Training of Animals
Behaviors or procedures
Technical skills and competencies needed
  target training at St. Louis
a mouth exam at San Antonio
volunteer hoof trim at San Antonio
maintaining acceptance of a halter at San Antonio
applying hoof cream at San Antonio
training for volunteer blood collection at San Antonio
a standing immobilization at San Antonio

Behavior management is essential for successful maintenance of
the species. It is an integral part of a management program and
should be incorporated into daily operations. It must be considered
when designing a facility—both on and off exhibit, inside
and outside. Enrichment and training should not be programs
separate from regular operations, but should be incorporated into
the various aspects of the facility design, husbandry program and
daily operations.

Training of Animals: Most okapis acclimate to keepers working
around them fairly closely to accommodate routine cleaning of
outside areas and shifting for interior stall cleaning. Desensitizing
an animal to touch can be very helpful to monitor general health.
It is possible to acclimate animals to allow a number of relatively
non-invasive procedures, which give the animal care staff valuable
health information and allow preventative care without the use of
immobilizing drugs.
As mentioned above in the medical procedure section, the use of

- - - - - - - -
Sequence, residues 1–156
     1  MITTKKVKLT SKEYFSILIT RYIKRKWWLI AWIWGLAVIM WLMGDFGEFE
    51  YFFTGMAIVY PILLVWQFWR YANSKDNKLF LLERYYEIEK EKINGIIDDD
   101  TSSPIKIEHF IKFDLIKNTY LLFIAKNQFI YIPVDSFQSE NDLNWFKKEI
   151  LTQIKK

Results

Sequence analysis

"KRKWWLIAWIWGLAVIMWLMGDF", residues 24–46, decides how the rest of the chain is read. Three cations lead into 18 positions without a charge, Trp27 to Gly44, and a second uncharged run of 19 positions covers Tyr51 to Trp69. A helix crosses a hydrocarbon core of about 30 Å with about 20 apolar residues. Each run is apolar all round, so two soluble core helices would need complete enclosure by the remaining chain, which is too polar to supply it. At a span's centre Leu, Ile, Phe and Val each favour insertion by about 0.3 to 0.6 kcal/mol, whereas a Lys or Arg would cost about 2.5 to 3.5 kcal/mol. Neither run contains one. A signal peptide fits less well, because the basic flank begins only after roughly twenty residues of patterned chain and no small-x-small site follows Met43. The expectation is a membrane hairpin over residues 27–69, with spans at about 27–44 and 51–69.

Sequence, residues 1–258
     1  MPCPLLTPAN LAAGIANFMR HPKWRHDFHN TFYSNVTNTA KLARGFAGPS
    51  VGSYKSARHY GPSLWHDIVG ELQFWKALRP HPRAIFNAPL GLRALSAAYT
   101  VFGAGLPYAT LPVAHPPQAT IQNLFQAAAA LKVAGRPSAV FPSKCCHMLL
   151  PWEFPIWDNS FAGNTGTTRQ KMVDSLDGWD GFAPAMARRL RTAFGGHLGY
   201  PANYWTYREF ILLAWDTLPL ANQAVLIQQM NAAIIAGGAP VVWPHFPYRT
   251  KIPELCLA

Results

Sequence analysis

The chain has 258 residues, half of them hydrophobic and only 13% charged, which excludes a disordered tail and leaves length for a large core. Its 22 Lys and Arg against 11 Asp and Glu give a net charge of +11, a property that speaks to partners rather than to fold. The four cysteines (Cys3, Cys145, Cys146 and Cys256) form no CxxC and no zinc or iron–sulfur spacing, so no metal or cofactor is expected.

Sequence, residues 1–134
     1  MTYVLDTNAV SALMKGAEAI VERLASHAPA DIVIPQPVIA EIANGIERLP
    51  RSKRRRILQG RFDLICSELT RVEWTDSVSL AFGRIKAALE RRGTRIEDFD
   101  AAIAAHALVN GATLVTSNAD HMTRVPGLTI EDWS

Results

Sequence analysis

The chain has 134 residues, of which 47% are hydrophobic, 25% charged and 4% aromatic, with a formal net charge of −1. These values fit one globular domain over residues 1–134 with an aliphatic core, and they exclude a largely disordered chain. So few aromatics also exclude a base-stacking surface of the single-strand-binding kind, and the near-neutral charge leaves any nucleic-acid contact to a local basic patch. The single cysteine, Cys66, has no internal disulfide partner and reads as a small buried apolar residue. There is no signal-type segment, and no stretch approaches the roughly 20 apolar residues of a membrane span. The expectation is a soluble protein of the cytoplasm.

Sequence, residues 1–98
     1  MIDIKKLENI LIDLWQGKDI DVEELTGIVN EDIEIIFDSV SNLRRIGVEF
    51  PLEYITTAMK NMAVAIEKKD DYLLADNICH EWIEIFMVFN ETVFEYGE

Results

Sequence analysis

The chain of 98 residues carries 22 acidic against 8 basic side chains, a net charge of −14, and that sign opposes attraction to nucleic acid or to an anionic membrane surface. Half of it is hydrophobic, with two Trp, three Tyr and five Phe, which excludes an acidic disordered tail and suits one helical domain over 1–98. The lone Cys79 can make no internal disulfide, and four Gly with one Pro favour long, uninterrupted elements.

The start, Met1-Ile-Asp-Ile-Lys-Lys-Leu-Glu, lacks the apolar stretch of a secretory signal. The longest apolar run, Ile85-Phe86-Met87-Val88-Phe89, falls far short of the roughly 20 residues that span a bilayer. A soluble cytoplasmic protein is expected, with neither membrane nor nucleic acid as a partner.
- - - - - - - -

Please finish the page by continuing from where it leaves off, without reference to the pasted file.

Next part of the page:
“working panels” or restraint boxes has helped facilitate the training


Behaviors or procedures which have been trained at a number of
institutions include:

  • Target training
  • Manipulating feet for inspection and minor hoof trims
  • Rectal temperatures
  • Standing on a scale to gain routine weights
  • Allowing growth measurements to be taken
  • Trans-abdominal ultrasounds
  • Collecting milk samples
  • Acceptance of a crate or transport trailer
  • Mouth exam
  • Halter training
  • Voluntary blood draw


Technical skills and competencies needed by animal care staff include:

  • An understanding of the natural history, physiology, behavior and social structure of the okapi, both in the wild and in the zoo setting
  • An understanding of the basic principles of operant conditioning and training, and the need to integrate these into routine operations
  • Familiarity with, and an understanding of, the basic facility design and its operation
  • Ability to develop a rapport with the individuals in their care


Edited by Terry DeRosa, San Antonio Zoo, Fran Lyon, White Oak Conservation Center and Ann Petric, Okapi SSP Coordinator, Brookfield Zoo Illustration: J. Busch
Updated and adapted for the web, Patrick Immens